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The utilities – almost as bad as the banks

There are three good reasons to hate the utility companies.   They raise prices as soon as wholesale markets rise, but when wholesale prices fall they delay a response and then don’t pass on more than a fraction of the wholesale price reduction.   They act like a cartel, and keep their bills so confusing and complicated as to defeat the ostensible aim of competition.   And they have far too cosy a relationship with their regulator, Ofgem, which seems much more concerned about the reputation of the market than about the customers many of whom are now freezing.   This is market failure on a grand scale.   Many people now loathe the gas and electricity providers as much as the banks.

The UK market is dominated by the Big Six companies: E.ON (German). npower, EDF (French), British Gas, Scottish Power, and Scottish & Southern.   Three of them have just announced price rises of 7-9% and the others may well follow, more than wiping out the cuts made earlier in the year to great fanfare.   Average annual energy bills for a 3-bed semi already stand at £1,350 a year, and in the current freeze may well be headed towards £1,500.

At the same time utilities’s profits are up 38% over the last two months alone.   Even Ofgem, the most timid of regulators, admits that the annual profit margin on a standard household dual-fuel tariff has risen from £65 to £90 at a time of rising energy prices.   So what is Ofgem doing about it?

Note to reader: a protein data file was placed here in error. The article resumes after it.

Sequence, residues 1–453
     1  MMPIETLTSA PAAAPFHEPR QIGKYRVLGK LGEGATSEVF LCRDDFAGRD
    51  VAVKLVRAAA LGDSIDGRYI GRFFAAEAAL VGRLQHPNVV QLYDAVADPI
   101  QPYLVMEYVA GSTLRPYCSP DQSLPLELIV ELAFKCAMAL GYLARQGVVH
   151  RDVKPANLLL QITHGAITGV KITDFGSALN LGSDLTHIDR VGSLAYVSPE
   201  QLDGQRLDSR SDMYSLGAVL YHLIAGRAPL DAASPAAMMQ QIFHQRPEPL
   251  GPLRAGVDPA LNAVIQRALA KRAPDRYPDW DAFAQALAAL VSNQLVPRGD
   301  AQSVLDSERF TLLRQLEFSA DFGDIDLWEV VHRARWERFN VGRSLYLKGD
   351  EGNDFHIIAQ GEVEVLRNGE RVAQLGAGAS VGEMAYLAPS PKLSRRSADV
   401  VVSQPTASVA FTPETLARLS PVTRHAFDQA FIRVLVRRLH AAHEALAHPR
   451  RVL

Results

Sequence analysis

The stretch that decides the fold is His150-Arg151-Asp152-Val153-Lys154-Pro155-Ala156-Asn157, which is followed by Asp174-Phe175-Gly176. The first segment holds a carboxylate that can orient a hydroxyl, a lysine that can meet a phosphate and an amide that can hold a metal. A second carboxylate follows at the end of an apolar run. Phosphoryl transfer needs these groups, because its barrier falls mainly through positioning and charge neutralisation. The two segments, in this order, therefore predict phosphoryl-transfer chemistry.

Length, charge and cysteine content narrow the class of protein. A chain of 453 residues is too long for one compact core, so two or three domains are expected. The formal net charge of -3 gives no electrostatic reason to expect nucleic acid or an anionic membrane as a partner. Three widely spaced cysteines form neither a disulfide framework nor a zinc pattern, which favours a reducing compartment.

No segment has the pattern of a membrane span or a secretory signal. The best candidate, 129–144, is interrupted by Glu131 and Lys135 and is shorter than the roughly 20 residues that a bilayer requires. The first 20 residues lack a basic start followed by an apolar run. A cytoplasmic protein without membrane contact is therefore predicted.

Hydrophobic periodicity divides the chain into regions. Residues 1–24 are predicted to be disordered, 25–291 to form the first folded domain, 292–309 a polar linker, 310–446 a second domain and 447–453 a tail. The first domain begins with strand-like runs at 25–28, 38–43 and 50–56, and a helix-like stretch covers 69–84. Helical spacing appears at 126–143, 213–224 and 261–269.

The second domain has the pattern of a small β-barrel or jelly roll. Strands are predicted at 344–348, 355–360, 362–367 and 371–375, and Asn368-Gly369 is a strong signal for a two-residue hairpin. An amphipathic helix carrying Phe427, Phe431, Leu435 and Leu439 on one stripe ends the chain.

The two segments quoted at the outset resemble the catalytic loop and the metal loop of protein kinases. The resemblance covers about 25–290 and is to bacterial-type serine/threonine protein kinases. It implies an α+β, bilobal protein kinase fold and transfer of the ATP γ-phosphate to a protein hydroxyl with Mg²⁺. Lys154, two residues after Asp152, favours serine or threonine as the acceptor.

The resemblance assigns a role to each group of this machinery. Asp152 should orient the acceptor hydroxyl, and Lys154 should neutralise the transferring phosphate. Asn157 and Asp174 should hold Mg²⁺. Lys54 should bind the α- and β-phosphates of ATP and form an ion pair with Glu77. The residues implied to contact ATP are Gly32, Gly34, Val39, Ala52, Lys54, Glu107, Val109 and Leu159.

There have been no less than 18 reviews of the energy market conducted since 2001 by Ofgen, MPs, the EU Commission, the Competition Commission (another spineless wonder), and government (enough said).   The latest response from Ofgem is that they’re questioning whether the companies are “playing it straight” with consumers.   Big deal.   We don’t even have access to the raw data to check for ourselves the full truth about how the companies, at a time of austerity and deep freeze, are concealing the full extent of their profiteering.   Wholesale gas prices on the spot market and short-term future contracts are publicly available, but most gas is bought under private long-term 2-3 year European contracts, while Ofgem has no jurisdiction beyond UK borders.

But it’s not just cheating over the hidden inter-play between wholesale and retail contracts.   An even bigger, and long-term much more serious, failure of the energy companies is to invest now to avoid, or at least minimise, the energy gap in the nation’s supply which is widely forecast between 2017-19.   The only effective way of ensuring that both these profound problems are remedied, after multiple market failures over the last decade, is by taking at least one of the Big Six into public ownership and replacing Ofgem by a much more thorough and determined regulator with increased powers to achieve full transparency and targeted intervention where necessary.The utilities -Th

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